ARI SHAPIRO, HOST:
Federal prosecutors have inadvertently revealed that they're pursuing criminal charges against WikiLeaks founder Julian Assange. This news came in a court filing that was made in error. NPR national justice correspondent Carrie Johnson is following the case and joins us to talk more about it. Hi, Carrie.
CARRIE JOHNSON, BYLINE: Hi, Ari.
SHAPIRO: Filed in error - this seems like a cut-and-paste mistake with global implications. What happened?
JOHNSON: Indeed, over the summer the U.S. attorney's office in the Eastern District of Virginia filed some court papers in another case that involved an overseas defendant. Instead of using the name of that person, in a couple of instances the word Assange appeared instead. Seamus Hughes, a terrorism researcher, noticed the document a few days ago, tweeted about it last night. And that has got us to where we are today, with the founder of WikiLeaks appearing to be in newly hot water here in the U.S. Just to be clear, Ari, we don't know whether Julian Assange has been indicted or charged in a criminal complaint or what those charges are at this point.
SHAPIRO: And I take it prosecutors are not commenting on this at all today.
JOHNSON: Absolutely not.
SHAPIRO: Remind us of why prosecutors would be interested in this man who's been in the news for years now.
JOHNSON: Yeah he first came on the radar of U.S. law enforcement back in 2010, after Chelsea Manning sent lots of war logs and State Department cables to WikiLeaks to publish. Since then, authorities here have been looking into Julian Assange's involvement in releasing other government secrets - including some hacking techniques the CIA has been using. WikiLeaks of course also got attention from the same people who are investigating Russian interference in the 2016 election.
Special counsel Robert Mueller mentioned WikiLeaks as Organization 1 in charges earlier this year against a dozen Russian military intelligence officers. They were charged with conspiring to defraud the United States. The idea is that basically WikiLeaks was acting as a cutout for emails swiped from the Democratic National Committee and other Democrats in 2016. But it's not clear what - if any - of all of that activity forms the basis of these charges against Julian Assange. I reached out to his American lawyer Barry Pollack today. Barry Pollack said the last thing this Justice Department should be doing is pursuing criminal charges against someone for publishing truthful information. He says this is a dangerous path.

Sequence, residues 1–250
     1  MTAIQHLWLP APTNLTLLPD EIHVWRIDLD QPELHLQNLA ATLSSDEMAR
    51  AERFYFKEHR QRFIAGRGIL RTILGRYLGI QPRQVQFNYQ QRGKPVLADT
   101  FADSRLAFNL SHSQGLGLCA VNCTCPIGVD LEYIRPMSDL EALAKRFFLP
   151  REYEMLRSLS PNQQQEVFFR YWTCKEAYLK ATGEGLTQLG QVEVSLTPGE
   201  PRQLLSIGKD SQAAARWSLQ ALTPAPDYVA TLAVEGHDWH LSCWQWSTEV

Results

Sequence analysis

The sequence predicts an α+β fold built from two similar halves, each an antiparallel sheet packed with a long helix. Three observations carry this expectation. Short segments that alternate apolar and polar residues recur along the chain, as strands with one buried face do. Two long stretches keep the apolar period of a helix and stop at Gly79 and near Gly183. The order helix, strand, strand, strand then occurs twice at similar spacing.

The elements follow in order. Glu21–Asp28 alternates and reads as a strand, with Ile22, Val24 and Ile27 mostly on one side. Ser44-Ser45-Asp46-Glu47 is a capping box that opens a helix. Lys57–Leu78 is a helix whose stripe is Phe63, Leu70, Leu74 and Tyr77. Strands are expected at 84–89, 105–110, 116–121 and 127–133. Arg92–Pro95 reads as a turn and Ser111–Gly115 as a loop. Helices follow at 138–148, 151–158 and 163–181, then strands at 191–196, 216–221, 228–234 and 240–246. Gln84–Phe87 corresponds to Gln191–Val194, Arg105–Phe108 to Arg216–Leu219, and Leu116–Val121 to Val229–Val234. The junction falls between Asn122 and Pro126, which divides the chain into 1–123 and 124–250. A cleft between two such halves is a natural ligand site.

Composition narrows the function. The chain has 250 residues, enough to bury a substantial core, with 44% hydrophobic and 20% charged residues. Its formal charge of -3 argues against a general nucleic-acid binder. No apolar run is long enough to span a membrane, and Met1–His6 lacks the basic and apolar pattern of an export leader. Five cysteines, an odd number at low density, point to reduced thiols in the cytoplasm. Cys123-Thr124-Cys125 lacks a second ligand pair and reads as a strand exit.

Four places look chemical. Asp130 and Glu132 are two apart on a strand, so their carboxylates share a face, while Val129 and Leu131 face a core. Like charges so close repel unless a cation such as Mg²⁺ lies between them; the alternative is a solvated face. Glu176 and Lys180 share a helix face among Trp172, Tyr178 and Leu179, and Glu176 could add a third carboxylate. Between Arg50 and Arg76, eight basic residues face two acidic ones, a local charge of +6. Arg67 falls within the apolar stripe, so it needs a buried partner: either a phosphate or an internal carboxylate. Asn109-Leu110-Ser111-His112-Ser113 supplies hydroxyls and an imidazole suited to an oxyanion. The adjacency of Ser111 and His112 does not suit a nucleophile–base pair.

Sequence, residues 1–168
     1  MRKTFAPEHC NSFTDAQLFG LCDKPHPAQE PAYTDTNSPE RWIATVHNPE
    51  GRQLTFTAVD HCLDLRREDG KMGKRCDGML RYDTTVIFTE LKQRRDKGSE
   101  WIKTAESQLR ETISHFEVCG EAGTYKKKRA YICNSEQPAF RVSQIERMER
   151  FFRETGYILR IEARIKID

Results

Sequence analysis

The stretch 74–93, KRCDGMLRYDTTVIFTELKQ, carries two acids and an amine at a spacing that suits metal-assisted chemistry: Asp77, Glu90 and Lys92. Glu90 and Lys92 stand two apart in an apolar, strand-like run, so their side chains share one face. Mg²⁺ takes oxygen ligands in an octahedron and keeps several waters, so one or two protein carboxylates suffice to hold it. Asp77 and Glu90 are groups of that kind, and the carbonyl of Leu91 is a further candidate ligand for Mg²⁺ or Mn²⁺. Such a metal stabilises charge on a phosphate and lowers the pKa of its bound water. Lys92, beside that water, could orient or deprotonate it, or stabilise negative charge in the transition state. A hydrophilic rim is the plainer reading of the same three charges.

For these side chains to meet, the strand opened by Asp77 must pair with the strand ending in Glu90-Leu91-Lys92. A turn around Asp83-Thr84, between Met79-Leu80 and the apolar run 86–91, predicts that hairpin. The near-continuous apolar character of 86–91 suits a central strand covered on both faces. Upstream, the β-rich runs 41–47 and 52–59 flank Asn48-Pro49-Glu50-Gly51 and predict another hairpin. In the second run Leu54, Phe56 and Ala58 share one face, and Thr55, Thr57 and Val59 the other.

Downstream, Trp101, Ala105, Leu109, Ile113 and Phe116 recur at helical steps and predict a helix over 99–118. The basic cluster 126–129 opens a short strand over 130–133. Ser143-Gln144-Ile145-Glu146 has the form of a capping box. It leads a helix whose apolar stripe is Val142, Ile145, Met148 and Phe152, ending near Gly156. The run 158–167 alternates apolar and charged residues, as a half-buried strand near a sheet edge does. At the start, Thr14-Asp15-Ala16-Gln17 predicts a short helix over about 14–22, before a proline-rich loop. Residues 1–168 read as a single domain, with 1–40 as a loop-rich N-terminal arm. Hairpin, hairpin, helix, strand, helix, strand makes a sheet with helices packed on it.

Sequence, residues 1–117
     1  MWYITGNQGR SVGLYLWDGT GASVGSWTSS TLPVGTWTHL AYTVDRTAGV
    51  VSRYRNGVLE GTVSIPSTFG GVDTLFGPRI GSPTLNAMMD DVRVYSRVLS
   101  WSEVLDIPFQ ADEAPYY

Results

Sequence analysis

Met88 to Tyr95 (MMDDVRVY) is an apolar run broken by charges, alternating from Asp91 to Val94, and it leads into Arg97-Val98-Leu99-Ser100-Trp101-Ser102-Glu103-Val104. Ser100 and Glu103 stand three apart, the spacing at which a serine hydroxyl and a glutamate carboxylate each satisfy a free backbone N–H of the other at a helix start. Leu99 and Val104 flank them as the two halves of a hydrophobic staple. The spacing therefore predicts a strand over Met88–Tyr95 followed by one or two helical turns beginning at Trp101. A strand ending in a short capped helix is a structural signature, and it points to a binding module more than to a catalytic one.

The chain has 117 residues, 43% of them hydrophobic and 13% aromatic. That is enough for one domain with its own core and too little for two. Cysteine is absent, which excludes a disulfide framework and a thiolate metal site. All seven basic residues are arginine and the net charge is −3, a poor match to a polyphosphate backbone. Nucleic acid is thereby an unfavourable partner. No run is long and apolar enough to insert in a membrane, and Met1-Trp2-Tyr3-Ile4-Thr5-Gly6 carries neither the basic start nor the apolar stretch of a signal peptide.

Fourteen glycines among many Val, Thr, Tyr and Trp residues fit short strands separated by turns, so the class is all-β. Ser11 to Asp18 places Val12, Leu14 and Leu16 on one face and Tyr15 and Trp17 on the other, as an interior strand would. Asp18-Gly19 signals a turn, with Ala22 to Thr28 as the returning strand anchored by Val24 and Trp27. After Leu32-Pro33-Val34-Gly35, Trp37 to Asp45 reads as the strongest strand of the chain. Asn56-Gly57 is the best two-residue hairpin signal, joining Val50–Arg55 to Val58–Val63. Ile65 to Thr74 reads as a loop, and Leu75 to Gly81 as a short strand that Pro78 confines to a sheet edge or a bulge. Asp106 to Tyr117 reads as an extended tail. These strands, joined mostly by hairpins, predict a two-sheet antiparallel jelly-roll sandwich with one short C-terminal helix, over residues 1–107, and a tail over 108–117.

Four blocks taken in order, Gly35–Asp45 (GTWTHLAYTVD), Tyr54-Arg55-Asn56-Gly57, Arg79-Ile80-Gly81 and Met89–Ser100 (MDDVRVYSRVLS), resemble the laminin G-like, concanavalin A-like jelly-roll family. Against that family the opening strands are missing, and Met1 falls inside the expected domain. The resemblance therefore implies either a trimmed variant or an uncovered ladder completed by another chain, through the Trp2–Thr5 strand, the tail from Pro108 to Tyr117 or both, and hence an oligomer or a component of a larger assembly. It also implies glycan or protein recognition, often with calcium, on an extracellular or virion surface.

SHAPIRO: And none of this has anything to do with the charges against him in Sweden related to sexual misconduct, which is its own story.
JOHNSON: Another story, yeah.
SHAPIRO: Assange has been living in the Ecuadorian embassy in London for years now. And I understand his life there has changed recently. Tell us about that.
JOHNSON: It really has. Ecuador has a new president who's far less happy with Julian Assange and who's been trying to warm up relations with American officials, like Vice President Mike Pence and President Trump. Recently, the Ecuadorians have laid down the law with Assange, Ari. They say he needs to keep his room in this embassy clean and also pick up after his cat. And their patience seems to be wearing very thin with respect to Julian Assange, who's been there since 2012 - six years now.
SHAPIRO: So where does this go from here?
JOHNSON: Well, we're all waiting to see what these charges are and when they will become public. Then there's going to be kind of a complicated back and forth among Ecuador, the United Kingdom and the U.S. about possibly extraditing him. Now, several countries refuse to turn over fugitives to the U.S. without guarantees they will not face the death penalty. But it's not clear that that's even an option in this case. Moreover, Julian Assange has been on the run for years now. It's hard to imagine he won't put up another fight with respect to possible extradition here to the United States, where the U.S. government is decidedly unfavorable toward Julian Assange.
SHAPIRO: NPR's Carrie Johnson, thank you.
JOHNSON: My pleasure.
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